June 7, 1893 (a Wednesday)

Mohandas Gandhi (right) with his brother Laxmidas in 1886.

On this date, Mohandas K. Gandhi, a young Indian lawyer working in South Africa, refused to comply with racial segregation rules on a South African train and was forcibly ejected at Pietermaritzburg.

Gandhi was born in Porbandar in the present state of Gujarat on October 2, 1869, and educated in law at University College, London. In 1891, after having been admitted to the British bar, Gandhi returned to India and attempted to establish a law practice in Bombay, with little success. Two years later an Indian firm with interests in South Africa retained him as legal adviser under a one-year contract in its office in Durban, SA. Here he was subjected to racism and South African laws that restricted the rights of Indian laborers.

Gandhi later recalled one such incident as his moment of truth. While traveling by train to Pretoria, a white man objected to Gandhi’s presence in a first-class carriage. Despite having a first-class ticket, Gandhi was asked to move to the van compartment at the end of the train. He refused and was thrown off the train at Pietermaritzburg station. There he spent the night in the waiting room and it is there he decided he would stay in South Africa to fight against racial discrimination. It was Gandhi’s first act of civil disobedience. From thereon, he decided to fight injustice and defend his rights as an Indian and a man.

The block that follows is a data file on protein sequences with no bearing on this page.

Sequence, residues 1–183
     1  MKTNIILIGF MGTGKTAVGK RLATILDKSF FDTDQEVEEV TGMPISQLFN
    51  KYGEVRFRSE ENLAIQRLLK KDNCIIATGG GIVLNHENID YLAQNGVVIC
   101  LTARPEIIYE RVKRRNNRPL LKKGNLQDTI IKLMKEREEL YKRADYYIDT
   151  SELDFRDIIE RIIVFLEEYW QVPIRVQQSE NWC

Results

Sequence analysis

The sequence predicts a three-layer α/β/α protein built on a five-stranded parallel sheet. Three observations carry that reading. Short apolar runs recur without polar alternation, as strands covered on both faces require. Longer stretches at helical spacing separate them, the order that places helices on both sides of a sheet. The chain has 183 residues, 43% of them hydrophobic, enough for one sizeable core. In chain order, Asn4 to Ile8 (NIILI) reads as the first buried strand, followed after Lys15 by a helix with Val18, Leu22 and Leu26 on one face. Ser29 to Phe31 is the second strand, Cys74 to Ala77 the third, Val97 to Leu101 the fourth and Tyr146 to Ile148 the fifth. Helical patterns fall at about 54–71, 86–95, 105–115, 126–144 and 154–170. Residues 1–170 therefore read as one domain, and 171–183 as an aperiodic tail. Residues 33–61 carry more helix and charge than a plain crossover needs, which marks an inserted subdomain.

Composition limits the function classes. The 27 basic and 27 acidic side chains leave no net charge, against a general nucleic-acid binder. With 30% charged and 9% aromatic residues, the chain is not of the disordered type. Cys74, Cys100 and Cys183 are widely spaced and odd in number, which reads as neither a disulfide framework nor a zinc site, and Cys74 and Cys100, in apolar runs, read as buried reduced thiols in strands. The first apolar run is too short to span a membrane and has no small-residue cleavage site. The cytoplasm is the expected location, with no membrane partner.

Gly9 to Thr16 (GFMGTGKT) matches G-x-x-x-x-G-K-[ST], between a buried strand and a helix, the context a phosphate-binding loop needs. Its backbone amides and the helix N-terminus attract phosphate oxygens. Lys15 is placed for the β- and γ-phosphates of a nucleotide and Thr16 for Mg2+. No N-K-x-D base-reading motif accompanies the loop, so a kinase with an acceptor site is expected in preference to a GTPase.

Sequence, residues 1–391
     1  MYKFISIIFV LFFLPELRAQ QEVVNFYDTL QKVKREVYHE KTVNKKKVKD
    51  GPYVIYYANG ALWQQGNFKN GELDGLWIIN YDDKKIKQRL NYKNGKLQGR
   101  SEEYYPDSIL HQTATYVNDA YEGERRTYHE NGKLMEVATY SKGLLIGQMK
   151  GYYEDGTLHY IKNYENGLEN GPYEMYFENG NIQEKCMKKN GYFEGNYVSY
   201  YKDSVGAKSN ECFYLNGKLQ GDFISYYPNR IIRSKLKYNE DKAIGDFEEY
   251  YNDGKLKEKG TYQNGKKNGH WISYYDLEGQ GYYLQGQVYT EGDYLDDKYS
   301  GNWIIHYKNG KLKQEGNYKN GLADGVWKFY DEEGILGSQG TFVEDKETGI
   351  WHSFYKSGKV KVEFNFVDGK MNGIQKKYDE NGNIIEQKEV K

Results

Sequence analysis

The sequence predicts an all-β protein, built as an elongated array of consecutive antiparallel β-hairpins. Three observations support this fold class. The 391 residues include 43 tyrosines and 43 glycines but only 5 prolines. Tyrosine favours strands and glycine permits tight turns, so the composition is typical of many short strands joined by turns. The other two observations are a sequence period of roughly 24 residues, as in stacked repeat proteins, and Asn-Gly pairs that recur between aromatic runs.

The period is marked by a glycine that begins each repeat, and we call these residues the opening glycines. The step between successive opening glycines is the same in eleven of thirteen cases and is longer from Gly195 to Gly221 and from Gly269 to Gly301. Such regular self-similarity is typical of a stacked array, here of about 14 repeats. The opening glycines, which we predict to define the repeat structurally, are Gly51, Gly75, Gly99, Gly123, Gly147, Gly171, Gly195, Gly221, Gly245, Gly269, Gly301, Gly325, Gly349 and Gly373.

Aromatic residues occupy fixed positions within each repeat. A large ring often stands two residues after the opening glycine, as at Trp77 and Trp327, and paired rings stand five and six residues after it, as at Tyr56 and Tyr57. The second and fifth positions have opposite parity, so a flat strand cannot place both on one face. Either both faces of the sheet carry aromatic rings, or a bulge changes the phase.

Known as Mahatma, or “the great soul,” during his lifetime, Gandhi’s persuasive methods of civil disobedience influenced leaders of civil rights movements around the world, especially Martin Luther King, Jr., in the United States.

[My favorite Gandhi quote - Ed.:]

A time is coming when those, who are in the mad rush today of multiplying their wants, vainly thinking that they add to the real substance, real knowledge of the world, will retrace their steps and say: ‘What have we done?’

Civilizations have come and gone, and in spite of all our vaunted progress, I am tempted to ask again and again, ‘To what purpose?’ Wallace, a contemporary of Darwin, has said the same thing. Fifty years of brilliant inventions and discoveries, he has said, have not added one inch to the moral height of mankind. So said a dreamer and visionary if you will–Tolstoy. So said Jesus, and the Buddha, and Mahomed, whose religion is being denied and falsified in my own country today.

[Source: Mahatma (D.G. Tendulkar) Vol. 2; 2nd edn.(1960), Publications Division; p. 29.]

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